“Let’s face it, King Street had a rough year,” Byrne told Powers. “King Street had a very rough year, and those who remain – because a lot of business owners have closed – those who remain want to make sure they protect their interests, and more so, that they protect their customers.”
(Click to view)
(Via: Charleston Police Department)
Meanwhile, Charleston police chief Luther Reynolds – whose officers were criticized for ceding broad swaths of downtown to rioters last spring – is suddenly “angry” about the escalating epidemic of violence.
“These cases are preventable, and these criminals are predictable,” Reynolds told reporter Anne Emerson of WCIV TV-4 (ABC – Charleston) back in June. “That small number of violent offenders prohibited by law to carry weapons, they need to be in jail and stay in jail.”
Sound familiar? This is what I have been screaming for months …
Obviously, it’s not just King Street which finds itself “under the gun.” The areas surrounding Charleston are also seeing a spike in violence. Earlier this year, for example, North Charleston, S.C. – the Palmetto State’s third largest city – ranked No. 14 in the nation with a murder rate of 22.55 per 100,000 residents.
Early statewide data on murders and other violent crimes is similarly discouraging …
Combine rising tides and rising crime with the city’s ongoing historical sanitization campaign and it’s no surprise Charleston is losing its luster as one of the nation’s top tourism destinations. Just this week, in fact, Condé Nast Traveler published the results of its 34th annual Readers’ Choice Awards survey.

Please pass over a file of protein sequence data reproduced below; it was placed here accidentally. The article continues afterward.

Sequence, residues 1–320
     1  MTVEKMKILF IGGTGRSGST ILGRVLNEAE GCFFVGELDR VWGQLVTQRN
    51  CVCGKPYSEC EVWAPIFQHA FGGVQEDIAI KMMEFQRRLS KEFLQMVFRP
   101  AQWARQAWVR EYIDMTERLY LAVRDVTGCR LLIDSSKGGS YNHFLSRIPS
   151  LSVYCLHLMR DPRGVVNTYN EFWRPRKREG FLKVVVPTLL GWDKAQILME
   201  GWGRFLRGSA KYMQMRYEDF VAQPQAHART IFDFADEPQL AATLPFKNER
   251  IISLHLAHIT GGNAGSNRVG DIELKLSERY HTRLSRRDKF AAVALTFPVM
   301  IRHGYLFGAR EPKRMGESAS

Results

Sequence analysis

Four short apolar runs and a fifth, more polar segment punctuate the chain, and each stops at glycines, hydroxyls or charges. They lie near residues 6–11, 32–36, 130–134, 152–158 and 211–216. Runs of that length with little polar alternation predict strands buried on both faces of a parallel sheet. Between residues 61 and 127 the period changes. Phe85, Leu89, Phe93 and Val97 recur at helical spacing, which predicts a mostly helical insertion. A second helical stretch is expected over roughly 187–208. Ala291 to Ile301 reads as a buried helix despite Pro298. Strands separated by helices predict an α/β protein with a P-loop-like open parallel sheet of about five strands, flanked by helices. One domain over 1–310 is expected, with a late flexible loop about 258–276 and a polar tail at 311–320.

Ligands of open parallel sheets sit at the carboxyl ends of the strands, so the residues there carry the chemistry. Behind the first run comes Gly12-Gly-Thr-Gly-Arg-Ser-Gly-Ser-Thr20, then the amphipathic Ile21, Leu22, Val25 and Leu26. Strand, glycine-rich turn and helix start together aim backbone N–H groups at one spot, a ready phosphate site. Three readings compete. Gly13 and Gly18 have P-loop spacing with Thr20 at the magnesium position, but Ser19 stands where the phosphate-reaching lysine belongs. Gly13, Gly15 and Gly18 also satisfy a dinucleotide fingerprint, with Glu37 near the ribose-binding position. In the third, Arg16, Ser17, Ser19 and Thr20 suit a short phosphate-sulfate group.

For the first time since 2010, Charleston failed to claim the top spot on the publication’s “Best Small Cities” list – surrendering this honor to Aspen, Colorado.
“It’s all over,” a fatalistic headline in The (Charleston, S.C.) City Paper lamented.
“The sun will rise over Charleston tomorrow for the first time in a decade as America’s second-best small city,” the paper’s editor Sam Spence noted in the ensuing article. “It was a good run, Charleston (2011-2020).”
Indeed it was …
Spence’s report blamed “rising sea levels and a high cost of living” for the downgrade. It made no mention of the rash of violence in and around Charleston.
Yet another factor to consider? Charleston’s tax climate. While the city is obviously more competitive than South Carolina’s capital, Columbia S.C., the Palmetto State’s oppressive, regressive income tax rate – part of a broader anti-competitive tax code – drags down the income levels of citizens in all of its municipalities.
With a top marginal rate of 7 percent, South Carolina has the highest income tax rate in the southeast – one which kicks in on all income over $15,400. Lowering this rate is critical to raising income levels across the Palmetto State.
ABOUT THE AUTHOR …
Will Folks is the founding editor of the news outlet you are currently reading. Prior to founding FITSNews, he served as press secretary to the governor of South Carolina. He lives in the Midlands region of the state with his wife and seven children. And yes, he has LOTS of hats (including that New York Knights’ lid from ‘The Natural‘ pictured above).